Megacities Asia

Sculpting urban reality

Currently at the Museum of Fine Arts, Boston and running through July 17, 2016, Megacities Asia explores the accelerated rise of urbanization in cities with populations of more than ten million, and how during the last five decades of rapid growth has affected the lives of their inhabitants. The works created by 11 artists in this show is an assemblage of  their observations and responses to the political, environmental, and social conditions of their home cities of Beijing, Shanghai, Delhi, Mumbai, and Seoul that convey the distinct textures, proportions, and materials that each artist encounters and uses in daily life—from dishes, to doors to plastic bags to construction refuse—which are turned into immersive sculptures.

According to the museum’s press materials, among the sculptures on exhibit is Delhi artist Subodh Gupta’s Take off your shoes and wash your hands (2008) depicting consumption : a wall of stainless-steel utensils found in urban Indian kitchens. In Alchemy (2016), Choi Jeong Hwa’s installation is comprised of inexpensive plastic objects from markets and 99-cent stores, while Delhi’s Asim Waqif and South Korea’s artist collective flyingCity are inspired by the construction that surrounds them—from bamboo scaffoldings of construction projects, to the metal parts churned out by machinists in central Seoul trying to compete in a global market.

Mumbai’s Aaditi Joshi collects plastic bags and finds beauty in them despite their enviromental threat, and Yin Xiuzhen alters rubble left behind by demolition around Beijing. Using cast aside historic objects as new construction dominates their cities, Song Dong’s Wisdom of the Poor: Living with Pigeons (2005–6) takes reclaimed parts from traditional hutong courtyard houses and creates interactive architectural sculptures, recalling how Beijing families extended their cramped living spaces into rooftop pigeon coops. Shanghai-based Hu Xiangcheng’s constructions find a new life in windows and doors salvaged from dismantled Ming- and Qing-era houses. Seoul’s Han Seok Hyun creates a landscape of green products in Super-Natural (2011/2016)—consisting of bottles of rice wine and packages of dishwashing detergents, which questions how Seoul’s growing environmental consciousness can be reconciled with its advancing urban development.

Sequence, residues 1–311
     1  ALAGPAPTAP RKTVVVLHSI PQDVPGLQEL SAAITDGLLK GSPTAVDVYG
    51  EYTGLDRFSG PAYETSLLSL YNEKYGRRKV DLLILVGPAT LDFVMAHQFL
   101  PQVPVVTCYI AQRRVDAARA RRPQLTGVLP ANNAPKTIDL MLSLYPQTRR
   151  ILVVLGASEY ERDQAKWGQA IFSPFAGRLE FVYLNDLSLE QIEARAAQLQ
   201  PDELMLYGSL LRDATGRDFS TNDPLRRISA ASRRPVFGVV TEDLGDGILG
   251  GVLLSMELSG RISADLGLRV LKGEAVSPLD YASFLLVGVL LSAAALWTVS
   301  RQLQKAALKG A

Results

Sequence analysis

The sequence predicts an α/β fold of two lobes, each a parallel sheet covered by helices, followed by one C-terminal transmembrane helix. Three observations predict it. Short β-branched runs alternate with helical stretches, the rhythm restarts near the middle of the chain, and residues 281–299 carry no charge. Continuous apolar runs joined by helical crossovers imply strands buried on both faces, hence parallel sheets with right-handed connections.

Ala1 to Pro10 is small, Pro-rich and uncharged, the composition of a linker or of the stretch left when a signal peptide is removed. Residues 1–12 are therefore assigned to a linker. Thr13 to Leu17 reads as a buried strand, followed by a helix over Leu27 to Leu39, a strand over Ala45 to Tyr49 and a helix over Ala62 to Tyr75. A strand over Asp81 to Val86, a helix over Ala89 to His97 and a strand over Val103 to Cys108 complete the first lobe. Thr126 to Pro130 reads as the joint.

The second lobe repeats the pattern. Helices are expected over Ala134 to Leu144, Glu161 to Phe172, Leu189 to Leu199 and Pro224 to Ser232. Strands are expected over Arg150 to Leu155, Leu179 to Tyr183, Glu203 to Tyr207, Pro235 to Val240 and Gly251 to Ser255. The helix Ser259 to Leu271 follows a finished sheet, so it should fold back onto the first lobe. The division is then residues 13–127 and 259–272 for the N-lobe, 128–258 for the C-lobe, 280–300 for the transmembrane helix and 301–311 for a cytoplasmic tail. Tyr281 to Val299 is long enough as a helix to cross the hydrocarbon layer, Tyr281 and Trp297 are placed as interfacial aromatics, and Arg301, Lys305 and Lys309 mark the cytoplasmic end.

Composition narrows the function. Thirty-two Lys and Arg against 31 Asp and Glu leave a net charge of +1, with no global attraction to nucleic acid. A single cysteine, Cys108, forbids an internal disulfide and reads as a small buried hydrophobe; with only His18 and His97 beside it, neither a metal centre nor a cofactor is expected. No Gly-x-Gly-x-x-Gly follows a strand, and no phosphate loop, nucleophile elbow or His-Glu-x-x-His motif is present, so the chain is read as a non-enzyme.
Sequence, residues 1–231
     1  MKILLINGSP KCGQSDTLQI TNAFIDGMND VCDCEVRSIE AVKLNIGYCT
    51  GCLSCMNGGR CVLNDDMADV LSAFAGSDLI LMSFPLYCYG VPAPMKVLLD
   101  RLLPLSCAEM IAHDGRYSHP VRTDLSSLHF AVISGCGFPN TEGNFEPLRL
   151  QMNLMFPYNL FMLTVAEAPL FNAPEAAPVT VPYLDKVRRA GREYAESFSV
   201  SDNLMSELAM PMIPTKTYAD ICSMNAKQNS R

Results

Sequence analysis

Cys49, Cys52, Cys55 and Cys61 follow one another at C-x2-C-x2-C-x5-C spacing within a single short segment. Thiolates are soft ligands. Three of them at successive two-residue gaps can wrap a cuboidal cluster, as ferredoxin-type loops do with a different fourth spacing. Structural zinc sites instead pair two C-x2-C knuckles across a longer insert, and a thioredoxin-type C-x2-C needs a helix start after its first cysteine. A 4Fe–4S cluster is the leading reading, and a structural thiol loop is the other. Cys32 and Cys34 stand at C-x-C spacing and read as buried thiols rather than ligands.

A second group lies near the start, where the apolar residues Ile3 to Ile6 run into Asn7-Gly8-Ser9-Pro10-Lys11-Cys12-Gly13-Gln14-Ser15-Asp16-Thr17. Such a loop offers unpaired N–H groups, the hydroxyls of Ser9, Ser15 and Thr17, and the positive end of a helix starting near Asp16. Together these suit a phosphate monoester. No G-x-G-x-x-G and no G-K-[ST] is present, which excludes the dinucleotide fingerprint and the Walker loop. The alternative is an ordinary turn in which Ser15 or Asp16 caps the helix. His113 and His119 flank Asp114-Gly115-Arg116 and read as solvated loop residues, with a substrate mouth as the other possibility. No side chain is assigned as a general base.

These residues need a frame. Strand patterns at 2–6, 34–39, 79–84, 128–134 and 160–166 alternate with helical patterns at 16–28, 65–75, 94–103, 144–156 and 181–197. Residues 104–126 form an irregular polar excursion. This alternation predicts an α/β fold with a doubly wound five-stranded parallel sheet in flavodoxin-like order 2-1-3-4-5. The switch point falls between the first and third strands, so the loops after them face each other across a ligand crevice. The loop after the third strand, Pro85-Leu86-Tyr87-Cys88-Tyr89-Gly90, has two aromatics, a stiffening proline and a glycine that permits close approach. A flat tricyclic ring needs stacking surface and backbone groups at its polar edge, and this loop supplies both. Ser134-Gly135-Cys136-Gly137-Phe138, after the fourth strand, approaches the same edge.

For more information, visit Museum of Fine Arts, Boston:



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